Gas Stations Run Dry as Pipeline Races to Recover From Hacking
(Bloomberg) -- Gas stations along the U.S. East Coast are beginning to run out of fuel as North America’s biggest petroleum pipeline races to recover from a paralyzing cyberattack that has kept it shut for days.
From Virginia to Florida and Alabama, stations are reporting that they’ve sold out of gasoline as supplies in the region dwindle and panic buying sets in. An estimated 7% of gas stations in Virginia were out of fuel as of late Monday, according to GasBuddy analyst Patrick DeHaan.
The White House said in a statement it is monitoring the situation and directing government agencies to help alleviate any shortages. Colonial Pipeline Co. said it’s manually operating a segment of the pipeline running from North Carolina to Maryland and expects to substantially restore all service by the weekend.
The Colonial pipeline has been shut down since late Friday. On Monday, the Federal Bureau of Investigation pointed the finger at a ransomware gang known as DarkSide. While President Joe Biden stopped short of blaming the Kremlin for the attack, he said “there is evidence” the hackers or the software they used are “in Russia.”
Colonial Chief Executive Officer Joe Blount and a top lieutenant assured Deputy Energy Secretary David Turk and state-level officials that the company has complete operational control of the pipeline and won’t restart shipments until the ransomware has been neutralized.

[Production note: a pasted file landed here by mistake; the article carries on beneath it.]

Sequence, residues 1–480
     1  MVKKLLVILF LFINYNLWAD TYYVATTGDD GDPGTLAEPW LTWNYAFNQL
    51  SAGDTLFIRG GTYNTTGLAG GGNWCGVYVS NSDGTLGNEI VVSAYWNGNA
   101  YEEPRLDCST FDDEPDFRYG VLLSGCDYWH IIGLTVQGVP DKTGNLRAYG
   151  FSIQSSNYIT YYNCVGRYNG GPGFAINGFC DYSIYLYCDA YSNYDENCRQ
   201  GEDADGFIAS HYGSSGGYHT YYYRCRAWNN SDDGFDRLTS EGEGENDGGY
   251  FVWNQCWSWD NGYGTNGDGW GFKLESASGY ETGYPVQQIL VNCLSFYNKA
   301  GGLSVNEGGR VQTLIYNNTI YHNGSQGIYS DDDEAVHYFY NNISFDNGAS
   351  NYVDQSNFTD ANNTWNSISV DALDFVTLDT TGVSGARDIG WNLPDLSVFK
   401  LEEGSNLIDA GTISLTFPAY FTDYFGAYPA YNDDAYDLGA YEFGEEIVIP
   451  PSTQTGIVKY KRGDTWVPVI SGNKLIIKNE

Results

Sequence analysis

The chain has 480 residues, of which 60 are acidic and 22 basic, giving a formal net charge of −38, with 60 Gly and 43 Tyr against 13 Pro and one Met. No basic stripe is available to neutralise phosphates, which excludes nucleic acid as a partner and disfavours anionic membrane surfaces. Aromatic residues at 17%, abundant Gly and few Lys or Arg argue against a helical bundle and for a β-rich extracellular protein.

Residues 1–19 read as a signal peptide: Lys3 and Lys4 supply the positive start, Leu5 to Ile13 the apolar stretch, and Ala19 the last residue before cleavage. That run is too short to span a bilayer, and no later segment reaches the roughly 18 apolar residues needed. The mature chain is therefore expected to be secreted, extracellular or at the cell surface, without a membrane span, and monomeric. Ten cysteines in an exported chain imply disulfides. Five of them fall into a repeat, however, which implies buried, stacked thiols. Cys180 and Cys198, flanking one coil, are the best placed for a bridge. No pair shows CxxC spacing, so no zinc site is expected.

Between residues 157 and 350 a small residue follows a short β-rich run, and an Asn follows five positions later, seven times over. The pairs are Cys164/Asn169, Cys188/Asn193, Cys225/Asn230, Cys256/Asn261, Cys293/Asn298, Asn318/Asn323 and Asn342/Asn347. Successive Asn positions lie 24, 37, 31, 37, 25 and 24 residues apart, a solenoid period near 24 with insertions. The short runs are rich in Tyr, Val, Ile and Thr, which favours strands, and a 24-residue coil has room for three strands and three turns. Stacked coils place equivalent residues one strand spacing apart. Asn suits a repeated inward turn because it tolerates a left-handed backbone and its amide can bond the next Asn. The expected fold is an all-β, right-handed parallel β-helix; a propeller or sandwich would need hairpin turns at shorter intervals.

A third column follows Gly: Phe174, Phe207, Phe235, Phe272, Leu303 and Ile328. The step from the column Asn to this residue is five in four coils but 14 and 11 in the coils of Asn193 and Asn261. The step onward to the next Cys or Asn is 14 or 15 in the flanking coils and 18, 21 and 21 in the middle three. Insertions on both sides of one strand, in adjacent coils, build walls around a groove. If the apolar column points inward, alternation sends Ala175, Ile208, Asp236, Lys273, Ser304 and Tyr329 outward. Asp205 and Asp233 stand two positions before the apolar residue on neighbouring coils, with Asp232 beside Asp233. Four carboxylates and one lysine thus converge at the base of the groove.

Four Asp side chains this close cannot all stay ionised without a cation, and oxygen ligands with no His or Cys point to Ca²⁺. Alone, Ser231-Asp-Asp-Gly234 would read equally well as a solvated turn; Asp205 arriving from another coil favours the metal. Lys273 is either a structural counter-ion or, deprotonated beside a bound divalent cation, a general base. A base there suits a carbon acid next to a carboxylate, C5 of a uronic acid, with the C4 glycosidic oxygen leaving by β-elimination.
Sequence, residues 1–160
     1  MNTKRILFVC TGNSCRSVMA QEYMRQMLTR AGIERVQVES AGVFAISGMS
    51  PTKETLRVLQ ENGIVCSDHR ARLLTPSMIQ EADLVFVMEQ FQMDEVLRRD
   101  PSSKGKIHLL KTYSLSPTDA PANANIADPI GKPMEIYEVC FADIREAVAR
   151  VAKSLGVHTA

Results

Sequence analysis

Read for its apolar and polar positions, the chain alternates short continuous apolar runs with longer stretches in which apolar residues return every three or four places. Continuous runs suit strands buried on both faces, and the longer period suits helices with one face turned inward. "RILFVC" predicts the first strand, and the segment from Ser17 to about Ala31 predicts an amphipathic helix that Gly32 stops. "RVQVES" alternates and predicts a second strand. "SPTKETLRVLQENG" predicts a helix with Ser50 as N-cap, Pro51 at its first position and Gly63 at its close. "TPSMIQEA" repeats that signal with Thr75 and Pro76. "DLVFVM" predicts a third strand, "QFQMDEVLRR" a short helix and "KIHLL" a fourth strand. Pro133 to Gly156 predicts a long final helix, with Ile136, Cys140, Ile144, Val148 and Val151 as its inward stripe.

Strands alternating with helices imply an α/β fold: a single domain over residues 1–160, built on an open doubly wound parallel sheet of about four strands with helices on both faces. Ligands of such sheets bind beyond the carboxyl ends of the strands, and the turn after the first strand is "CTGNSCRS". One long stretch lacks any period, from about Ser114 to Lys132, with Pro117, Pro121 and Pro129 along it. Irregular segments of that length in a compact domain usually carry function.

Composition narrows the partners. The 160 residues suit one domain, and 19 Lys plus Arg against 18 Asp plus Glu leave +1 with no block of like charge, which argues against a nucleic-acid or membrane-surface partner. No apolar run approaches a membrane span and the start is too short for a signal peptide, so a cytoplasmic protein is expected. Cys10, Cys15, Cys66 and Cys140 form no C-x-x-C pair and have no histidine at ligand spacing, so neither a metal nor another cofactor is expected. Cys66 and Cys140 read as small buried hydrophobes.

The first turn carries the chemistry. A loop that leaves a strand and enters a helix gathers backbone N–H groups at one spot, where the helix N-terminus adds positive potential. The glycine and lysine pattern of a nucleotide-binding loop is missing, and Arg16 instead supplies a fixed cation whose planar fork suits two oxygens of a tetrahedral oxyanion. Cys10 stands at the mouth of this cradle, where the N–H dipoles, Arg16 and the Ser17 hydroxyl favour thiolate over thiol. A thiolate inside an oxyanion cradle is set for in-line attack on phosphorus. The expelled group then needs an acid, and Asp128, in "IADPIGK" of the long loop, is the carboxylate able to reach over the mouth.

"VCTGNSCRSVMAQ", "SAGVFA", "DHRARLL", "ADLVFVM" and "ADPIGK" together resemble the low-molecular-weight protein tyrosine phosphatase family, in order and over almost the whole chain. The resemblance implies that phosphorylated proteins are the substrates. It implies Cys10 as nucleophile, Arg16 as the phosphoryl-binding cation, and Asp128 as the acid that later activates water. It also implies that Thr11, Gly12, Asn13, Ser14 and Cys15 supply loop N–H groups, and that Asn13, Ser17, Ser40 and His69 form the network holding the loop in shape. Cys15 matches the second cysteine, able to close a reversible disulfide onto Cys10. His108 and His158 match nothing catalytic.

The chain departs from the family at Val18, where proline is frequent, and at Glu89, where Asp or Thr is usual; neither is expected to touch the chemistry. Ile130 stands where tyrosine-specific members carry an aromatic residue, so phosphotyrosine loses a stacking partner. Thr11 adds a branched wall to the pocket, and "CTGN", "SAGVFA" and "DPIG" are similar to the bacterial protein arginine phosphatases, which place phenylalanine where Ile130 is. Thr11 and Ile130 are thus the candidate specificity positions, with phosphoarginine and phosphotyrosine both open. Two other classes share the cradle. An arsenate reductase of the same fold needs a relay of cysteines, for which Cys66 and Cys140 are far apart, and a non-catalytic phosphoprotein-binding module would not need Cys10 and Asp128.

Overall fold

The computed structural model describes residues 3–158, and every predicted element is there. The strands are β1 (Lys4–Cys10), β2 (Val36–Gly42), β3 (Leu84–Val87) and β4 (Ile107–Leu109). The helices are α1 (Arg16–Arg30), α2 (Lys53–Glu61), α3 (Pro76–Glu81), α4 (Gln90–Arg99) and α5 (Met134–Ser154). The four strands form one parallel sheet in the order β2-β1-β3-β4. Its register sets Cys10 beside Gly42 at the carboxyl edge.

The dwindling supplies come just as the nation’s energy industry was preparing to meet stronger fuel demand from summer travel. Americans are once again commuting to the office and booking flights after a year of restrictions. Depending on the duration of the disruption, retail prices could spike, further stoking fears of inflation as commodity prices rally worldwide.
The U.S. East Coast is losing around 1.2 million barrels a day of gasoline supply due to the disruption, according to a note from industry consultant FGE.
In Asheville, North Carolina, Aubrey Clements, a clerk at an Exxon Mobil station answered the phone with “Hello, I’m currently out of gas.” The Marathon gas station in Elizabethtown, North Carolina, had roughly two dozen cars waiting to fuel up, said an employee there. Drivers pulling into a station with a sign offering unleaded gasoline for $2.649 per gallon in Manning, South Carolina, were met with pumps covered in yellow and red “out of service” bags.
Shortages are also hitting the aviation industry, forcing American Airlines Group Inc. to add additional stops to two long-haul flights originating from Charlotte, North Carolina. Airlines flying out of Philadelphia International Airport are burning through jet-fuel reserves and the airport has enough to last “a couple of weeks,’ a spokeswoman said.
In an 18-minute virtual meeting, Blount said Colonial is working with refiners, marketers and retailers to prevent shortages, according to a person involved with the meeting who wasn’t authorized to speak publicly about the discussion. The pipeline serves 90 U.S. military installations and 26 oil refineries, the person said.
The shutdown has prompted frenzied moves by traders and retailers to secure alternative supplies. Oil tanker charter rates skyrocketed in the U.S. with refiners scrambling for ships to store fuel that has nowhere to go.